Increasing fructose 2,6-bisphosphate overcomes hepatic insulin resistance of type 2 diabetes.
Hepatic glucose production is increased as a metabolic consequence of insulin resistance in type 2 diabetes. Because fructose 2,6-bisphosphate is an important regulator of hepatic glucose production, we used adenovirus-mediated enzyme overexpression to increase hepatic fructose 2,6-bisphosphate to determine if the hyperglycemia in KK mice, polygenic models of type 2 diabetes, could be ameliorated by reduction of hepatic glucose production. Seven days after treatment with virus encoding a mutant 6-phosphofructo-2-kinase/fructose-2,6-bisphosphatase designed to increase fructose 2,6-bisphosphate levels, plasma glucose, lipids, and insulin were significantly reduced in KK/H1J and KK.Cg-A(y)/J mice. Moreover, high fructose 2,6-bisphosphate levels downregulated glucose-6-phosphatase and upregulated glucokinase gene expression, thereby reversing the insulin-resistant pattern of hepatic gene expression of these two key glucose-metabolic enzymes. The increased hepatic fructose 2,6-bisphosphate also reduced adiposity in both KK mice. These results clearly indicate that increasing hepatic fructose 2,6-bisphosphate overcomes the impairment of insulin in suppressing hepatic glucose production, and it provides a potential therapy for type 2 diabetes.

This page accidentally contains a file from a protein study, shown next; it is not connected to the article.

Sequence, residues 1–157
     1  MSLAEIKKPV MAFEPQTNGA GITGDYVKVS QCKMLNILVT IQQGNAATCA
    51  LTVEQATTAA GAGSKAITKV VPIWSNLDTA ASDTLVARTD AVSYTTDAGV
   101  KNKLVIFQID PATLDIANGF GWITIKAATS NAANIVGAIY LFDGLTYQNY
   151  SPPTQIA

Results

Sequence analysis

Wu, C; Okar, DA; Newgard, CB; Lange, AJ
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